When I travel, I personally prefer to use Airbnb. I book an entire apartment, giving me my privacy and the comfort of home amenities, such as a kitchen and washing machine. Since my dog(s) travel with me, it also allows me to filter based on pet-friendliness without the stress of disturbing hotel guests.
If you’re travelling long-term, Airbnb usually offers discounts for stays of a month or more – the discounts are significant, sometimes 50-60%! It winds up being cheaper than what I would have paid for my apartment rent back in the USA.
If you’ve never used Airbnb before, you can get a discount by using my link below.
If you’re a budget-conscious traveler and not travelling long-term, hostels are a great option and are abundant in Italy.
For standard hotel stays, Booking.com usually offers the best deals.
Germany consistently ranks as one of the top 20 countries in the world in terms of safety. Still, one of my favorite sayings in the travel community is ‘Every place is safe. Every place is dangerous’. Simply stated, you can find danger in even the safest of places, so it’s always wise to trust your judgement and remove yourself from situations that feel unsafe.
It’s also wise to be aware of the most common scams in Germany, as it is a popular tourist destination and there are always people who will take advantage of tourists. Also, I never accept unsolicited help when traveling.
money saving tips
While Germany certainly isn’t the most expensive country out there, it’s definitely not the cheapest, either. Still, you can still find a couple of ways to save a bit during your travels in Germany.
Keep an eye out for trade fairs and exhibitions if traveling to a city that commonly hosts them, such as Frankfurt or Leipzig. Accommodation will be much more expensive during these events (and scarce).
As popular as it is, if you don’t have an interest in Oktoberfest, it’s best to steer clear of Munich during this time. Everything will be more expensive – that being said, it’s totally worth it and an a super-fun thing to experience, if it’s up your alley.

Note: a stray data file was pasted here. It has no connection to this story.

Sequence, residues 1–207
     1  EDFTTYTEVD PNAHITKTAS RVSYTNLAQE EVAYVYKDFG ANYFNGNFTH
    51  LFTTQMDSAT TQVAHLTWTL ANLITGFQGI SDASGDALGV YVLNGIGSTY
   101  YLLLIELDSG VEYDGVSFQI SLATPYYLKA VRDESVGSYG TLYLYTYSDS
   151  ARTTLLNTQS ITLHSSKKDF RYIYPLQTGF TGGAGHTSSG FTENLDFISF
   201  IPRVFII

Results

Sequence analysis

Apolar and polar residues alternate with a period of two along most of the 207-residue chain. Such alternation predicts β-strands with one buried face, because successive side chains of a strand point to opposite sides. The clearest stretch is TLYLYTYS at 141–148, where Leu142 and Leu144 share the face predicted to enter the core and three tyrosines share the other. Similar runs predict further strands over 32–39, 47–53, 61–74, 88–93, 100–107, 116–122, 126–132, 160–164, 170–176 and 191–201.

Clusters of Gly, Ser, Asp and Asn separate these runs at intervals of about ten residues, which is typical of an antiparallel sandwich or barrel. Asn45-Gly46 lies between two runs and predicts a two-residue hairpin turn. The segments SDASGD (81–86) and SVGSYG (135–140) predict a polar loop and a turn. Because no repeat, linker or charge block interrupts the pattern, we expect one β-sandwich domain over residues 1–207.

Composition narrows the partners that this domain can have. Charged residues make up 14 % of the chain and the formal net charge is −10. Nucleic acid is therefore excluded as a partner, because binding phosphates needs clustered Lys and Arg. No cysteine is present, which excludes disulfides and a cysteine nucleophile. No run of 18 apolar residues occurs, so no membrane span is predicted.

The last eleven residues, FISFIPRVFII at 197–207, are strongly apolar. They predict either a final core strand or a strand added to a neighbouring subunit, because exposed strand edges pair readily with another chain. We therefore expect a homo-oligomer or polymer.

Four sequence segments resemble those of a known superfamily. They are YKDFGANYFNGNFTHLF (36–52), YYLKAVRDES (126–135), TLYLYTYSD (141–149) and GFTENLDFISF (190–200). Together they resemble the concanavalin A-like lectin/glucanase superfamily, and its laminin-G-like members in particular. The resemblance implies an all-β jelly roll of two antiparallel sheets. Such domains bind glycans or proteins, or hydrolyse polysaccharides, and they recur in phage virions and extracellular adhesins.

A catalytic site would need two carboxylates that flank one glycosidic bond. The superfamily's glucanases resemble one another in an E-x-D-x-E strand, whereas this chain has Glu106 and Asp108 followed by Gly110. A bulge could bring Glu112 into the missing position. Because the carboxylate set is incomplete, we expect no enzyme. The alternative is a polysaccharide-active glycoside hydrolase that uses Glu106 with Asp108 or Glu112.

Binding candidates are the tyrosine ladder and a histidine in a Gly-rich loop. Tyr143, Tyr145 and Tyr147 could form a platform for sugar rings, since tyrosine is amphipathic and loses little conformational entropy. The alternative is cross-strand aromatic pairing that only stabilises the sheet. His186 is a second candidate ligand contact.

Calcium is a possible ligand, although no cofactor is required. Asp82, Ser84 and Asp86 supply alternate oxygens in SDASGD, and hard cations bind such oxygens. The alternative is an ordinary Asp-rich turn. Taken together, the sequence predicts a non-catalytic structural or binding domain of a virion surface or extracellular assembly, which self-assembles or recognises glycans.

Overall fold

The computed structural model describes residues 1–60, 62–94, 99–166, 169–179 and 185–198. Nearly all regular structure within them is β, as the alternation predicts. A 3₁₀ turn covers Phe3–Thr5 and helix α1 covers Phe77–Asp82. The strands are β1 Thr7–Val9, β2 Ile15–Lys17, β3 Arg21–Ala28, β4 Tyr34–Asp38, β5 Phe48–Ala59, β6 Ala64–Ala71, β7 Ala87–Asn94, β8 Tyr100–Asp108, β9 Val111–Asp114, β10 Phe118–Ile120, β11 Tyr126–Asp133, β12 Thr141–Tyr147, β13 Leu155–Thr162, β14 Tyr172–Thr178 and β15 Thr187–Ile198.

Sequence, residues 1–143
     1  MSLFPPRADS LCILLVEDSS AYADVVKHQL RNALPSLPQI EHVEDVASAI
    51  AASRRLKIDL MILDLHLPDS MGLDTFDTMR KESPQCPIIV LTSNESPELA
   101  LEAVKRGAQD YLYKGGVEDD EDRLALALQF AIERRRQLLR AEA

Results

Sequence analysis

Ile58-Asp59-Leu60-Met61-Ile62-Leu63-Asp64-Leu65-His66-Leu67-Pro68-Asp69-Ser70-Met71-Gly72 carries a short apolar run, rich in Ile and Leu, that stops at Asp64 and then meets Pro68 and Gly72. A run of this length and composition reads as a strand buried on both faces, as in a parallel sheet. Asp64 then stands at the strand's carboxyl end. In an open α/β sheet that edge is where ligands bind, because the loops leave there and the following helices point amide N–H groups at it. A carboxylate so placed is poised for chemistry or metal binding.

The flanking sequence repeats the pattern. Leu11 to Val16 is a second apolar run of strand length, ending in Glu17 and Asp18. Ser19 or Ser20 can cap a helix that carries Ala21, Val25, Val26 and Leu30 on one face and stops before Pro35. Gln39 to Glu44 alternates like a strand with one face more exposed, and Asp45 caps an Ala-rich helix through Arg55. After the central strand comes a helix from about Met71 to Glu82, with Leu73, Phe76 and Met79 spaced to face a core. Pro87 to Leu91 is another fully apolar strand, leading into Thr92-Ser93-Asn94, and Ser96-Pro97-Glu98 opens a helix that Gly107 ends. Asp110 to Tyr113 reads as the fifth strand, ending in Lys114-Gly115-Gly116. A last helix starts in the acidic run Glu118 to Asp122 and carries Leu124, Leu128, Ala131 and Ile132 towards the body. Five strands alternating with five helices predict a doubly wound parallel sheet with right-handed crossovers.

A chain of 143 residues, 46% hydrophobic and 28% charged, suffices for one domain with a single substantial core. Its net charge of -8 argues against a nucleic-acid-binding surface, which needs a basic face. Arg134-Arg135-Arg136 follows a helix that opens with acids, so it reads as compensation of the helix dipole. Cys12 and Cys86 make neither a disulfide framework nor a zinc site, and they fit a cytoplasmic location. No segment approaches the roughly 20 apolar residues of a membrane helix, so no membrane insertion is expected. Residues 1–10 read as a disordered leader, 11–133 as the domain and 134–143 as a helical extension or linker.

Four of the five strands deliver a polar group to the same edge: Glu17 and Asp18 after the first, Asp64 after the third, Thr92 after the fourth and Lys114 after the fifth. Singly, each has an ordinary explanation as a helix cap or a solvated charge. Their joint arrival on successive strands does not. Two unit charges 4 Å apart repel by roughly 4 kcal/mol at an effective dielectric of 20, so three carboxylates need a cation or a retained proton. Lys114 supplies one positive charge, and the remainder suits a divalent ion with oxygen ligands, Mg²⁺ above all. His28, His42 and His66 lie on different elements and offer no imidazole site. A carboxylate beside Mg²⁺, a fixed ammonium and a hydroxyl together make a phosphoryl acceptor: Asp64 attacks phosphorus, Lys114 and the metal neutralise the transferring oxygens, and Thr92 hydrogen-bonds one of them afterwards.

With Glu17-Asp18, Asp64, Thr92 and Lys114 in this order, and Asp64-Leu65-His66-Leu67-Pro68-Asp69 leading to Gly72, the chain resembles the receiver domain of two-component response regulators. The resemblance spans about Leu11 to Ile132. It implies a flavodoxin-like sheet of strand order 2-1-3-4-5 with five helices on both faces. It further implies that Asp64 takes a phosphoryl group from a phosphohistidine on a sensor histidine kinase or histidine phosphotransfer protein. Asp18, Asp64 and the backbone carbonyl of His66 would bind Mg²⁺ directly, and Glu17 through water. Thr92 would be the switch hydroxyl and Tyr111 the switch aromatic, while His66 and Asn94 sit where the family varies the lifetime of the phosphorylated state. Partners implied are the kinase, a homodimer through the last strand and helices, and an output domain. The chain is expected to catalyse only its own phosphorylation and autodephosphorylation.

If you’re taking the train in Germany, book your ICE tickets as far in advance as possible to save. And book them directly from the site – no need for third party fees.
Eat out for lunch and stay in for dinner, as many times lunch menus will be less expensive. If you’re in a major city, stay away from restaurants on the main roads. Opt instead for places on side streets. A general rule of thumb I have is not to eat at places that have pictures of the food outside – these are generally tourist traps and prices are super-inflated.
Purchase city passes if you plan on hitting a lot of tourist sites.
Search on Pinterest: ‘Free Things To Do In….’ There are a ton of great resources out there from travel bloggers, and Pinterest is where you want to search.
Take a free walking tour or self-guided walking tour.
covid resources for germany
Before making any travel reservations, be sure to check the COVID restrictions currently implemented in Germany. Be aware that things are subject to change with no notice and that most travel insurance companies do not cover COVID-19 for cancellations or treatment. Travel safely, wear a mask, socially distance, and follow all local regulations.